10 mitos em assessoria de imprensa

Guess What Digital 16 Abril, 2009

Ross K. Goldberg, fundador e presidente da  Kevin/Ross Public Relations publica esta semana no site PR News Online, um interessante texto onde enumera alguns dos mitos mais comuns no desenvolvimento de um estratégia de assessoria. Como é necessário fazer uma inscrição prévia, login, etc., para se ter acesso à respectiva página, aqui fica para reflexão uma versão mais  resumida do respectivo documento (somos assim, gostamos de poupar trabalho aos nossos ilustres visitantes):

 1.    O jornalista é meu amigo. “A reporter has a job to do – to report. If the reporter was favorable in the past, that doesn’t make him or her a friend or guarantee a positive story. Their jobs come first … just as yours should”
2.    Os media querem é atacar-me. “Occasionally yes, but usually no. What most reporters and editors want is simply a good story. If you bring a confrontational or negative attitude to the interview, it will have a harmful impact on the story. Better to be upbeat, positive and courteous.”
3.    Posso falar off the record. “Off the record” – just like the words “no comment” – should be stricken from your vocabulary.”
4.    O melhor é não dizer nada. “Hiding information jeopardizes a professional relationship and can destroy trust not only with the media but with your customers and employees. Today’s world demands and expects transparency.”
5.    Tenho de arranjar outra e melhor resposta. “A reporter might come back to a sensitive topic several times; you should not feel the need to come up with a “better” answer. If you’ve made your point in a concise and understandable way, stick to your original response and then stop talking! The more you talk the better the chances that you will say something you didn’t want to say in the first place.”
6.    Não posso ter um papel com algumas notas à minha frente. “Of course you can. The reporter will. Besides, having notes with facts, examples, anecdotes or supporting background materials will help make your comments more robust and authoritative. That will lead to a better story that benefits everyone.”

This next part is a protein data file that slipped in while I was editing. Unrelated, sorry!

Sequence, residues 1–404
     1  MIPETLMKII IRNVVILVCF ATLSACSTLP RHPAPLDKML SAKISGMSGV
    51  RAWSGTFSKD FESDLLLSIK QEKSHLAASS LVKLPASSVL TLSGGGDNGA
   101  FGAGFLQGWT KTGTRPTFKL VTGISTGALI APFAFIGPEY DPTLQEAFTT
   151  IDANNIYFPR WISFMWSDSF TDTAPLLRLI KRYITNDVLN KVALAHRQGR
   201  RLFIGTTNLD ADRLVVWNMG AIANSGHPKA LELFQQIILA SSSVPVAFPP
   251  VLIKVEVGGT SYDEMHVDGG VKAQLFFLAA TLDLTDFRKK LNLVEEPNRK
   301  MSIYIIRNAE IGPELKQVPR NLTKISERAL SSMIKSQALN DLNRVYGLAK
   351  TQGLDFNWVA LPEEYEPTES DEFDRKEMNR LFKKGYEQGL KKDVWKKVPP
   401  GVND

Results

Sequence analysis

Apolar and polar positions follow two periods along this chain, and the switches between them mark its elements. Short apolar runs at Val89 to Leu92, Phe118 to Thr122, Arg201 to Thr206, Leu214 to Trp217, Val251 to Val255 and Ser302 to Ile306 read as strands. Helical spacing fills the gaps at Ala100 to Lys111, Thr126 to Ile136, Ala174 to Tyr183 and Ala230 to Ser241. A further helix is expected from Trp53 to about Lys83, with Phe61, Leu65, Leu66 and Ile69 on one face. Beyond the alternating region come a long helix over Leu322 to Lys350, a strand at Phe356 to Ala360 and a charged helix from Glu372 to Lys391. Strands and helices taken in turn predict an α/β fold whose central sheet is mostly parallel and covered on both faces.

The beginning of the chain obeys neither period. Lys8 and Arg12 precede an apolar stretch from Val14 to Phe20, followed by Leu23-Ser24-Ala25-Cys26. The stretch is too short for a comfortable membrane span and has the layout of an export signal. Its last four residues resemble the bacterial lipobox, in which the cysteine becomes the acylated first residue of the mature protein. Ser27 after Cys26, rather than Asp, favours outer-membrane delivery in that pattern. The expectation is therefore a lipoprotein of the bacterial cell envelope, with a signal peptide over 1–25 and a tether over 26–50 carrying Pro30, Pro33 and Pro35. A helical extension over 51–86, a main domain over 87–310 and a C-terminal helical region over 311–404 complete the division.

7.    A linguagem corporal tem relevância se a entrevista for na televisão. “Print and online reporters quickly pick up on nervousness or any signs that indicate you may be holding back or equivocating. Look the reporter in the eye, smile and keep your energy level high. Don’t underestimate the power of facial gestures, a confident nod of the head and other non-verbal kinds of communications.”
8.    Tenho de responder a todas as questões. “Only you retain the ultimate right to what you do and don’t say. Remember the reporter is free to ask, and you are free not to answer. If you don’t like a question, redirect it so you make sure to get your points across. “
9.    Se um jornalista apresentar dados é porque está correcto. “If you don’t think it’s correct, don’t accept it. Reporters can’t possibly know all the facts and more often than not you are the expert. It is OK to challenge false or unsupported information, but as Ben Franklin said, “Don’t get into an argument with someone who buys ink by the barrel.”
10.    Assim que o bloco de apontamentos é fechado a entrevita acaba. “It’s never over until the. It’s never over until the reporter is out of the building … out of hearing range … and out of sight.”